The clipless pedal market is highly competitive. Look have always been a favourite of the pro-peloton since their breakthough in the late eighties. Then Time and Shimano pushed the design further to allow for float and lower stack heights. In recent years a few riders have been switching to US manufacturer Speedplay. Most notably Tyler Hamilton, who has used the system for the majority of his career. And not all the pro-users are contracted to ride them, so most ‘choose’ to use them.
Having used just about every pedal system on the market I have never found one that I am immediately comfortable with. They all have their good points and bad points, although a lot of this is down to personal preference. Pedals are a contact point and therefore dependant on a rider’s individual riding characteristics so finding a system that suits everyone isn’t simple. Speedplay pedals are, however, simple and highly effective. Yet, until now, they have been highly expensive. So what can you expect from their budget pedal?
The basic Speedplay design principle is upside down. The cleat being the spring and release mechanism and the pedal is the fixed cleat. This means the pedal body is simple (and therefore small) and can recess itself into the cleat.
Although the pedal is small the cleat allows for a large contact area so there is no pressure point or hot-spot under the foot. The cleat design also means there is a lack of ‘cleat rock’. That is, where the pedal cleat rolls over as you press on the pedals (Something that Look users will be aware of especially as the cleat wears out, the noise can be very irritating and similarly users of MTB dual sided pedals (SPD) with road shoes where the lack of support makes the foot very unstable) I have never heard a squeak from a speedplay system, which means no friction and wasted energy due to poor contact surfaces.
The Zero’s can be fixed or float, I have used the X-system (which has no fixed option) in the past and found there to be perhaps a bit too much float, but some people like this freedom to find your ideal position. The float on the Zero can be micro-adjusted anywhere within a 0-15 degree range using inward rotation and outward rotation limit screws. Speedplay’s locking mechanism is super secure, you will not pull your foot out as the engagement security is independent of spring tension.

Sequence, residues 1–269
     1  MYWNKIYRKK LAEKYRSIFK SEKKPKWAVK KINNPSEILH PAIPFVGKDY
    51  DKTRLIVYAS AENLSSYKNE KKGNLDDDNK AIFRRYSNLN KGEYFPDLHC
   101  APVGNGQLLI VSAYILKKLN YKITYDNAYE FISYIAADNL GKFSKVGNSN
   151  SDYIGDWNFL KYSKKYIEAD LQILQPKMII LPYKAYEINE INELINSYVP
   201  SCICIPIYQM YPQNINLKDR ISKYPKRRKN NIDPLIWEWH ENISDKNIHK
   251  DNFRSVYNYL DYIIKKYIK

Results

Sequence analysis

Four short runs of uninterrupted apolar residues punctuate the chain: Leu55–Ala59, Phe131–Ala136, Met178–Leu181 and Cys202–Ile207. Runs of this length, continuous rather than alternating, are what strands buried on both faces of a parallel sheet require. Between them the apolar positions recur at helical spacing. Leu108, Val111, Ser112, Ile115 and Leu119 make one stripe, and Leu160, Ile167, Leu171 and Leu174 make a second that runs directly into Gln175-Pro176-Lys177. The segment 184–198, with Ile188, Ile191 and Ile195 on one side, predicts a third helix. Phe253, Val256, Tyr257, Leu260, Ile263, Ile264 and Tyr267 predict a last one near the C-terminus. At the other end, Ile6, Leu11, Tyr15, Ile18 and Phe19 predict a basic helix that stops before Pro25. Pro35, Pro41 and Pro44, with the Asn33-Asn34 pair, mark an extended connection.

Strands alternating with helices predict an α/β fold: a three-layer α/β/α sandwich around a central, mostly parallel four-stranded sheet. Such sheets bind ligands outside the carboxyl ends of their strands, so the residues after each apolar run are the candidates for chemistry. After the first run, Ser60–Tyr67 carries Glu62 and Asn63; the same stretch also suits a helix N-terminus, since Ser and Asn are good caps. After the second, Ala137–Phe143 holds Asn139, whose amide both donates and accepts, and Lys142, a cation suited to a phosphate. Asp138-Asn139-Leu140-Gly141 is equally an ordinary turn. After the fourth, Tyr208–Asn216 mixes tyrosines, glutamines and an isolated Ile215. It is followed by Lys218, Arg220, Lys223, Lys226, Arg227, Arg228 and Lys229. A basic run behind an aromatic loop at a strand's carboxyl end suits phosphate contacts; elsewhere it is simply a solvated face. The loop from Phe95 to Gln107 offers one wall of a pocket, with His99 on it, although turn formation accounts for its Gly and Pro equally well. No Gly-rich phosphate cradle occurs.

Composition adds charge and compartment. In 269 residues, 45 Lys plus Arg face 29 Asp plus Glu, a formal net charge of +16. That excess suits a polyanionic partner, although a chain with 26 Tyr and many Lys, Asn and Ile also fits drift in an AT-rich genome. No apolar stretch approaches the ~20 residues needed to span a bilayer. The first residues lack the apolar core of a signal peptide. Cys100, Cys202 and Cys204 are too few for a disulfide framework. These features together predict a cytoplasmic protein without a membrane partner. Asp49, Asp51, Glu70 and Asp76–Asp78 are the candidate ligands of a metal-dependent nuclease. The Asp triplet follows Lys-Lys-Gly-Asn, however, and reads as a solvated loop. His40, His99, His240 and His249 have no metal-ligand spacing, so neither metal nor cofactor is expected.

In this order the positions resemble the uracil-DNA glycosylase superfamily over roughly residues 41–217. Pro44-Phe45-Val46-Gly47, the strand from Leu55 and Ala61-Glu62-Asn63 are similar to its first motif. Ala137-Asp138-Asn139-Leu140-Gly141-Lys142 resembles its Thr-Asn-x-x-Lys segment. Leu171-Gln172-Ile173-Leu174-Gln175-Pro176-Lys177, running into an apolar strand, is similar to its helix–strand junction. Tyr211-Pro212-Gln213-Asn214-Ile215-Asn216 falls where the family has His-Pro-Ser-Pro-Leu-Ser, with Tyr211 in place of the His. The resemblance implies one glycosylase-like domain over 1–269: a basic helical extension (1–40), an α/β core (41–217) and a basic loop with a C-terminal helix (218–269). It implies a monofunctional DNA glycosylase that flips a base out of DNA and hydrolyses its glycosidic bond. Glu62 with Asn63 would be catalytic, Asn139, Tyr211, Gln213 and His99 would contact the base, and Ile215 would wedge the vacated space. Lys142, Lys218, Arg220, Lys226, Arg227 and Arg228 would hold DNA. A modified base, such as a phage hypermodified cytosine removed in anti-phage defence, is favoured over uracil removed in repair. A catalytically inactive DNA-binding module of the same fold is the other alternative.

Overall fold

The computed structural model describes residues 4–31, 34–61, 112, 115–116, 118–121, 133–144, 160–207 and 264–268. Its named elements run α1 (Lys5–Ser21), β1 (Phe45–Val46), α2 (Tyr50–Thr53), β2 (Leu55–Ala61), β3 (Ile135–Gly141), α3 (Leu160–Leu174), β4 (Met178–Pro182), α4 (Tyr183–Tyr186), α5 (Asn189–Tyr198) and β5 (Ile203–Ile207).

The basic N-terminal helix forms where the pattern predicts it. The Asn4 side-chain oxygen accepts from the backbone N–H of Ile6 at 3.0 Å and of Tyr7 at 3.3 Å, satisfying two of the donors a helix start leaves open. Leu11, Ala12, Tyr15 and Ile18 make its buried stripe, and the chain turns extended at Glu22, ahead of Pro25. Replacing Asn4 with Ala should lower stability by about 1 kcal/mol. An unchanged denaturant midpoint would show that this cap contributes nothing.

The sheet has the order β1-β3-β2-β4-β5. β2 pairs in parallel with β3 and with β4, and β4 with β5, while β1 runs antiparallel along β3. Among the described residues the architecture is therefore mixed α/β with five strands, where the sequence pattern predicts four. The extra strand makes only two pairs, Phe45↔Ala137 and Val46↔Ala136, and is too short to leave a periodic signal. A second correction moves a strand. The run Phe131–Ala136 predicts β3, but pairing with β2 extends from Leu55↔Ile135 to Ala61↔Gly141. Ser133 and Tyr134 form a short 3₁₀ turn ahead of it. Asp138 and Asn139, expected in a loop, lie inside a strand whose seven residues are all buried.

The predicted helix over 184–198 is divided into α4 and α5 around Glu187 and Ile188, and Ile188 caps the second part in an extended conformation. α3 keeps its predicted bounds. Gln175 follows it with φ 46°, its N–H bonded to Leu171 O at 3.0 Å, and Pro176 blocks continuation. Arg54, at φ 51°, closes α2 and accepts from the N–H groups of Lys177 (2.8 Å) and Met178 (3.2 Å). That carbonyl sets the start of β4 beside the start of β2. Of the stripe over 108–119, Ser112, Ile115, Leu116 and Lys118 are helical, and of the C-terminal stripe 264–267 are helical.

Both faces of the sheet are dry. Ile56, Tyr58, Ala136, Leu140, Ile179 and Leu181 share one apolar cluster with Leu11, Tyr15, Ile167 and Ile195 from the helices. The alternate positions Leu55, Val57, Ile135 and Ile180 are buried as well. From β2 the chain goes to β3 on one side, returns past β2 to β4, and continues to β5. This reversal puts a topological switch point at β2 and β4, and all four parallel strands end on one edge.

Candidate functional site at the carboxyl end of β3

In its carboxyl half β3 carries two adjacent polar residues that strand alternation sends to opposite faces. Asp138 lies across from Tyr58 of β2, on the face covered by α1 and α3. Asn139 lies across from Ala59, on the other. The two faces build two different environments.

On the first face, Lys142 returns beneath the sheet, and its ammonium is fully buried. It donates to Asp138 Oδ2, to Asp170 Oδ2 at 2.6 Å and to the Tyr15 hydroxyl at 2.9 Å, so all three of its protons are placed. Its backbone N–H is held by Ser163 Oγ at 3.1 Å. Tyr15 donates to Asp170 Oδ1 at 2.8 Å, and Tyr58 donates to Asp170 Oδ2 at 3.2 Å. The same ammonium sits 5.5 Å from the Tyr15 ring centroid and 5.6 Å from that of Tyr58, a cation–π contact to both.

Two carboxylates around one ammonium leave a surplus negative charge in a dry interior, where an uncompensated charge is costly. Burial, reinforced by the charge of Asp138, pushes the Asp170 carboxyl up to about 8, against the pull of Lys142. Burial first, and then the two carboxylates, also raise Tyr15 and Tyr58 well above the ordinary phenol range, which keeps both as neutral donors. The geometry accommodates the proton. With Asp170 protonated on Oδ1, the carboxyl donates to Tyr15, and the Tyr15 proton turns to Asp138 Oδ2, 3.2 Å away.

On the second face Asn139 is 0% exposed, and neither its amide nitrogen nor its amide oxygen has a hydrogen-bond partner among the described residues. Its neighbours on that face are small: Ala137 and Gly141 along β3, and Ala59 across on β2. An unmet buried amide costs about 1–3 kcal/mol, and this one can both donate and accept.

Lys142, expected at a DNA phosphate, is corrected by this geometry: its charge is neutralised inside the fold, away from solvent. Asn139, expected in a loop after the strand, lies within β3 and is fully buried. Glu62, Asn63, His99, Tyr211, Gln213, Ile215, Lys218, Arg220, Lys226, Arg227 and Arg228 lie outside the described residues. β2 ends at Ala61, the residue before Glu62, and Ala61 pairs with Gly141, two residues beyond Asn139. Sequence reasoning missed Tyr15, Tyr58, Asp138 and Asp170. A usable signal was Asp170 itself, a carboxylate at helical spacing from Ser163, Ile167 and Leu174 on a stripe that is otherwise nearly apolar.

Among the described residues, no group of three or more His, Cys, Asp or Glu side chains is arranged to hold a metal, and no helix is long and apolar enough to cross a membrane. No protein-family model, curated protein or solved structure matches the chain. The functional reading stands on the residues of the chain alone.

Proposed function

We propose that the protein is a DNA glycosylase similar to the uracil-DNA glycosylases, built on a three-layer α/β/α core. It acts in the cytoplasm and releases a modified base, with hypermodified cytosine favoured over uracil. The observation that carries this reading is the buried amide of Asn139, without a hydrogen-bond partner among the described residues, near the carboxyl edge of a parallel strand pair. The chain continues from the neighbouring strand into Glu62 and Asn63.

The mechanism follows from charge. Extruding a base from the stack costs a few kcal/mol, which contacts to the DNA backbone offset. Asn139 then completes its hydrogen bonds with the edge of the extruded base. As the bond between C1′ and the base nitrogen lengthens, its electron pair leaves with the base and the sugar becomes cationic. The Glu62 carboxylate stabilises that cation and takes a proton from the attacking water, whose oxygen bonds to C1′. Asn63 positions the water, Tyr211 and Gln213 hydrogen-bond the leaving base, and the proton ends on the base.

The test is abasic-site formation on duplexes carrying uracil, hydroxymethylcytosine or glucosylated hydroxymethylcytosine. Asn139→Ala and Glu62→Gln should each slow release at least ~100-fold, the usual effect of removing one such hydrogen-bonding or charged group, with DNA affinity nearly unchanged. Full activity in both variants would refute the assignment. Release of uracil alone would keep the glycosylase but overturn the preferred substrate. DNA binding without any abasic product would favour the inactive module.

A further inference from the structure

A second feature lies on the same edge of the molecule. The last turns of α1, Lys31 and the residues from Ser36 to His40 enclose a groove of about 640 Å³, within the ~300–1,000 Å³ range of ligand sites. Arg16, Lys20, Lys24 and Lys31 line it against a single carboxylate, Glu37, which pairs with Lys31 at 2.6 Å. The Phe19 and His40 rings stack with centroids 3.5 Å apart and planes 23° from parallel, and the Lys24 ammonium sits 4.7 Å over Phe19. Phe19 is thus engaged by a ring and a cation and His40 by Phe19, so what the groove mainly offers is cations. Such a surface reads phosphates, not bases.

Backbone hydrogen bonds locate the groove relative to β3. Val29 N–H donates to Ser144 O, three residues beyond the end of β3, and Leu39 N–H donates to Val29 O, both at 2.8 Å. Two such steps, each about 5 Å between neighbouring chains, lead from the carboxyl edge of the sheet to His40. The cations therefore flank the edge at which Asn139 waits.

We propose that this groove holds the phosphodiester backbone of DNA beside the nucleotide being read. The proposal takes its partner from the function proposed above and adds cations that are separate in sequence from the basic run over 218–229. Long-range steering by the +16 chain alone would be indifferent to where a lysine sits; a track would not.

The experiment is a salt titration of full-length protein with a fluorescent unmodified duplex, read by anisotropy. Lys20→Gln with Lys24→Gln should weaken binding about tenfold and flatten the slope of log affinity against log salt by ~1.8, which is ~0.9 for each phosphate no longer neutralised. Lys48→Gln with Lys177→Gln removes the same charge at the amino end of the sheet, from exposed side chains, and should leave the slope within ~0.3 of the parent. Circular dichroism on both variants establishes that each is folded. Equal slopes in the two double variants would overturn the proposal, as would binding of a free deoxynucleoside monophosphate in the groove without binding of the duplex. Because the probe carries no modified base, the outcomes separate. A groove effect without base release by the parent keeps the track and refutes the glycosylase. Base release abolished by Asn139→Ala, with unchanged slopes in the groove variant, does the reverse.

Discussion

The double sided aspect is very welcome, there is no looking down to ‘find’ the pedal and so it means instant engagement every time. It uses a standard step-in, turn-out entry and release and is compatible with virtually all 3-hole and 4-hole shoe mountings.
Mechanically Speedplay have a major edge on the competition. A built-in grease port for easy bearing lubrication keeps the two precision cartridge and one needle bearings running smooth. But the best thing is you can rebuild the pedal completely. every part is available as a spare and they are very simple to strip and rebuild. The Cro-mo version has a treated axle to keep rust at bay, however there is a rust-proof stainless steel or a titanium spindle version available.
The cleats do require some servicing and attention. They can stop working if you get mud in them and need a little light oil and cleaning to keep them working perfectly. Remember to read the instructions before assembly especially when fitting the cleat to the shoe and don’t try running in them, the cleats are really slippy (and scratch your best wooden floors). Speedplay make some covers to fit (Coffee Shop Caps) and these make walking a little safer.
Weight & Price comparisons (per pair)
Good: An excellent system, function is a cut above the rest
Bad: Cleats need love and attention, especially when fitting
For a local Speedplay dealer go: here
For more on Speedplay go: here